If you’ve ever owned a pet or spent time with a pet owner, you’ve probably seen how strong the bond is between “parent” and “child”. Although humans can’t understand barking, a new startup, Inupathy is creating a dog collar designed to provide better insights into a pet’s mood.
According to the product website, the collar has built-in sensors to capture heartbeat information, then the software within the collar uses an algorithm to determine the pet’s current mode based on that cardiovascular data. Once the data is processed, LED bulbs in the collar change color to indicate emotional and psychological state.
At the moment, the Inupathy only provides high level insights into a select set of emotions: happiness, excitement, concentration, and relaxation. While the collar changes color, there’s not too much in the way of emotional “analysis”. According to the Inupathy website, their heart rate algorithm is patent pending.
As with many other smart devices, the Inupathy has a companion smartphone app that captures emotional/physical details in real-time, allegedly allowing user to spot health complications. The app also allows users to track “average happiness over time” (daily, weekly and monthly analysis), receive an “excitement” and “fun” score from 0 to 100, get suggestions on games to play with their pet (hide and seek, fetch, agility training, treasure hunting), and also connect with other pet owners using the product .
As of writing, the Inupathy Indiegogo campaign has raised just over $9,000 (of their $30,000 goal) from around 70 backers. The early backer pricing was $149 and the listed retail price is $249.
Although the Inupathy could potentially be a helpful device, the company cites little science to support the technology; the website even mentions they’ve only tested the collar on 30 dogs.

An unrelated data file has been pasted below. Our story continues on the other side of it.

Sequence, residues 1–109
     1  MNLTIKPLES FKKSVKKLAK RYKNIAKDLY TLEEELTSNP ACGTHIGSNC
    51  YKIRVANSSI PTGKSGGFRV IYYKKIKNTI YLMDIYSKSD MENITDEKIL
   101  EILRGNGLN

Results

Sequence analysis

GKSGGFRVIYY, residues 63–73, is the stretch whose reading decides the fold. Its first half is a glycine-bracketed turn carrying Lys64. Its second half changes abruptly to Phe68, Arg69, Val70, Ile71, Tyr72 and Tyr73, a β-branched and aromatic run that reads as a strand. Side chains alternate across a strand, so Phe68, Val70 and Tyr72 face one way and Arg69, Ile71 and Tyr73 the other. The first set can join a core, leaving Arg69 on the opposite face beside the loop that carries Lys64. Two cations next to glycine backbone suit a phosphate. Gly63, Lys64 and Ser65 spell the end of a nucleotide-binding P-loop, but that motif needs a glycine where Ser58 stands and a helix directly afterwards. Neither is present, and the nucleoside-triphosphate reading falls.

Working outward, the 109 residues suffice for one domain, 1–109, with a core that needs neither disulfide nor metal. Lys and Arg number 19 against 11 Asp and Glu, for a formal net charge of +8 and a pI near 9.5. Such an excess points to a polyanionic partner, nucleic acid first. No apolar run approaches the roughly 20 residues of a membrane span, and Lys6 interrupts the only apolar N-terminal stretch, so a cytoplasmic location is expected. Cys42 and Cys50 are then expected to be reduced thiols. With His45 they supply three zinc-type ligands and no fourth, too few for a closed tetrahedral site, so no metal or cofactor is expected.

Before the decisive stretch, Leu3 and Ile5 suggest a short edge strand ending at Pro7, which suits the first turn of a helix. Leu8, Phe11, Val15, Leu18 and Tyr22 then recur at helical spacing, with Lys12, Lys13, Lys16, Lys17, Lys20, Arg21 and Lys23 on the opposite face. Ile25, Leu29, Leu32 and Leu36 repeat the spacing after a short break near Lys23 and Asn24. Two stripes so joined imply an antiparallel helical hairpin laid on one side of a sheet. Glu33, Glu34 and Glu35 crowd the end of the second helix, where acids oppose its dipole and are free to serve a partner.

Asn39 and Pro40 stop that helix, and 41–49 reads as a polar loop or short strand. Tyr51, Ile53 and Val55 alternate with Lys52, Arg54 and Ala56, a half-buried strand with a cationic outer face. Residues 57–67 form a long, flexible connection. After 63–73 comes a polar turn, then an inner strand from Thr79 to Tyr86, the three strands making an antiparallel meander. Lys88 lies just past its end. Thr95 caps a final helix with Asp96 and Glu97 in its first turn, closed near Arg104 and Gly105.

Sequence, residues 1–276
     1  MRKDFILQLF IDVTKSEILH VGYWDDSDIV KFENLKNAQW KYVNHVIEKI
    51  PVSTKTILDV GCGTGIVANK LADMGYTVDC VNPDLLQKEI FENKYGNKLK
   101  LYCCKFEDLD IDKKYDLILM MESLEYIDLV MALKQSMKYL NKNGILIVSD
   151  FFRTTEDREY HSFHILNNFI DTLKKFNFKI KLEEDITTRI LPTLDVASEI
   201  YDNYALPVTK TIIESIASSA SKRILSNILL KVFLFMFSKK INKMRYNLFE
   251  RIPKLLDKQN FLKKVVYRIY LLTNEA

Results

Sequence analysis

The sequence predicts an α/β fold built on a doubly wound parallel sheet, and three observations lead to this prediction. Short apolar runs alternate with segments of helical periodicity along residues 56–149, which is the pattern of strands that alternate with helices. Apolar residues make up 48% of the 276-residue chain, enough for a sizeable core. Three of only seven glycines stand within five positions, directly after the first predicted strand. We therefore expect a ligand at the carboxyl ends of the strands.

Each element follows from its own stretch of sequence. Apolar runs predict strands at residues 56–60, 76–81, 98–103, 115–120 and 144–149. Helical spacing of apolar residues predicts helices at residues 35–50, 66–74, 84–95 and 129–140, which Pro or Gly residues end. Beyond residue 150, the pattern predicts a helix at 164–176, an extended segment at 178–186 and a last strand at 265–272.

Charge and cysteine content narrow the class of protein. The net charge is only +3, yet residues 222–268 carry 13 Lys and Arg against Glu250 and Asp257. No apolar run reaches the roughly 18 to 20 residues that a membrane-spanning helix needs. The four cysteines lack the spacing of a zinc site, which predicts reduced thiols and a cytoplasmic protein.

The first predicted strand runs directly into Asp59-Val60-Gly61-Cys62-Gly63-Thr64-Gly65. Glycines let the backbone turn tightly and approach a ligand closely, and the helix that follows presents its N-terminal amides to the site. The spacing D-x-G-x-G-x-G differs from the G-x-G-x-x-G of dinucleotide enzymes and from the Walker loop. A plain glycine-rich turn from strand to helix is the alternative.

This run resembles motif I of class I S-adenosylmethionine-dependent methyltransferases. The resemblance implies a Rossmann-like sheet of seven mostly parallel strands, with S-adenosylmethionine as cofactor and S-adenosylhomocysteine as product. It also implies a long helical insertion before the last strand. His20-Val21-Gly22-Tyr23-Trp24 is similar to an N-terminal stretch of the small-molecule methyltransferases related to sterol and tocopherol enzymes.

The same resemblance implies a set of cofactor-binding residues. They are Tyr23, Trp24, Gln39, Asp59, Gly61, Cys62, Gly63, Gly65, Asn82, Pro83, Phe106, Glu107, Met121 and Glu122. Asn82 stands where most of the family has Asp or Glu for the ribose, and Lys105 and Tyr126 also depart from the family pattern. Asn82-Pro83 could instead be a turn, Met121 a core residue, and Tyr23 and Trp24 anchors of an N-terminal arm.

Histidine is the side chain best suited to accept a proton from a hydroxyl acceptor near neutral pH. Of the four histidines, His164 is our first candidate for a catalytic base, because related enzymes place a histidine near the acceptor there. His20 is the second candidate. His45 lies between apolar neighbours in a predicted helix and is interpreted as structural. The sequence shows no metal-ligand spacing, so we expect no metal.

If you’re looking for something built on a seemingly stronger foundation, you could look into the Voyce collar which is essentially a FitBit for dogs. Created by biomedical engineers and veterinary experts at Cornell University, the wearable uses patented technology to measure resting heart rate, respiratory rate, activity intensity, calories burned, distance traveled, and quality of rest.
The Voyce also features a cloud based portal where the pet owner and even chosen veterinary experts and access essential information in real-time to make informed medical decisions.
If you don’t have the budget for the Inupathy or Voyce, you could also just use the scientifically proven method of reading emotions based on the way a dog wags its tail.
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Joji Yamaguchi says
Hi, thanks for writing article about INUPATHY!
Some quick corrections, we do not use World Famous Electronics llc’s data, we just use their visualizer.
You can see that the data pattern is totally different.
we have their names on our web site as credit, since their visualizer is so well made.
Also, I don’t have a Voyce device so I’m not sure how well their sensor works, but in their web site they clearly state that they measure “resting heart pace”. Usually measuring resting heart pace means you can only measure when the subject is staying still.
Hope these info works for you!
Benjamin Mann says
Thanks! Updates have been made.
Joji Yamaguchi says
Hi, just a short correction, the
“How ever the screenshot they have on their algorithm page was created based on data from an entirely different company.”
part is incorrect. We use their graph application since it’s very useful, and we wrote credit for it. But the data is mesurement from our sensor, you can see that the graph line is totaly different from theirs.
And also, you should be careful with the difference between “heart rate sensing” and “Resting heart pace sensing”. Latter means you can only measure dogs heart rate while she’s sleeping. Check the Voyce HP and you’ll find a clear statement.
Anyway, thanks for writing an article.
Frank Whitacre says
I really like this. It has always been a discussion on our home whether or not you can tell what your dog is REALLY thinking or feeling.
Rodger Canada says
Totally awesome. My wife and I always talking about how hard it can be to “KNOW” what our pets want since they dont talk and all. I would be willing to give this thing a try.
Sandra Petterson says
This is a cool idea for those that care what the dog is feeling. It might give you some insight as to whether he wants to play or eat or whatever. The problem I have is that kids are still going to want to pet my pitbull, even in rage mode.
Freddy Stewart says
Do you really think it works? I mean, how can we verify the dog wants a treat and isn’t just eyeing up my leg?